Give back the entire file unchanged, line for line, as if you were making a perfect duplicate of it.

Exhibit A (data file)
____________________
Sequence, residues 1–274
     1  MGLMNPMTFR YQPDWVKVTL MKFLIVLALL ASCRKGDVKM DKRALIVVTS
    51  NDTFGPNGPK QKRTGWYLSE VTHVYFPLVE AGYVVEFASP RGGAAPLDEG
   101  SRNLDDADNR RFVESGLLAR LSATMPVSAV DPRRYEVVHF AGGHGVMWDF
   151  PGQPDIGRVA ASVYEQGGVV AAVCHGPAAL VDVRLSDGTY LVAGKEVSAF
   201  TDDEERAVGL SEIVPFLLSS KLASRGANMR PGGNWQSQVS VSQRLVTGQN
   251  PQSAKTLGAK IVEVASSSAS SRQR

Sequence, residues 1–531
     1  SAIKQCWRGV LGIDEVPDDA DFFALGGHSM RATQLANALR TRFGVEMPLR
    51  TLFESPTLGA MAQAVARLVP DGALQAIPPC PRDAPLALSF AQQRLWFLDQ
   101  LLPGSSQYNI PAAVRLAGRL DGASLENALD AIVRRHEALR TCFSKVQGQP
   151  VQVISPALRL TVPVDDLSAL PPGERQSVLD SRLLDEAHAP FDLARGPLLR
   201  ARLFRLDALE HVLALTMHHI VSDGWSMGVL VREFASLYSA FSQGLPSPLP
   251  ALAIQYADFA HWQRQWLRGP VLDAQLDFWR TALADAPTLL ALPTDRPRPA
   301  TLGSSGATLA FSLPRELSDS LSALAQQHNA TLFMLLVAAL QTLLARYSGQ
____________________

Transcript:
Sequence, residues 1–274
     1  MGLMNPMTFR YQPDWVKVTL MKFLIVLALL ASCRKGDVKM DKRALIVVTS
    51  NDTFGPNGPK QKRTGWYLSE VTHVYFPLVE AGYVVEFASP RGGAAPLDEG
   101  SRNLDDADNR RFVESGLLAR LSATMPVSAV DPRRYEVVHF AGGHGVMWDF
   151  PGQPDIGRVA ASVYEQGGVV AAVCHGPAAL VDVRLSDGTY LVAGKEVSAF
   201  TDDEERAVGL SEIVPFLLSS KLASRGANMR PGGNWQSQVS VSQRLVTGQN
   251  PQSAKTLGAK IVEVASSSAS SRQR

Sequence, residues 1–531
     1  SAIKQCWRGV LGIDEVPDDA DFFALGGHSM RATQLANALR TRFGVEMPLR
    51  TLFESPTLGA MAQAVARLVP DGALQAIPPC PRDAPLALSF AQQRLWFLDQ
   101  LLPGSSQYNI PAAVRLAGRL DGASLENALD AIVRRHEALR TCFSKVQGQP
   151  VQVISPALRL TVPVDDLSAL PPGERQSVLD SRLLDEAHAP FDLARGPLLR
   201  ARLFRLDALE HVLALTMHHI VSDGWSMGVL VREFASLYSA FSQGLPSPLP
   251  ALAIQYADFA HWQRQWLRGP VLDAQLDFWR TALADAPTLL ALPTDRPRPA
   301  TLGSSGATLA FSLPRELSDS LSALAQQHNA TLFMLLVAAL QTLLARYSGQ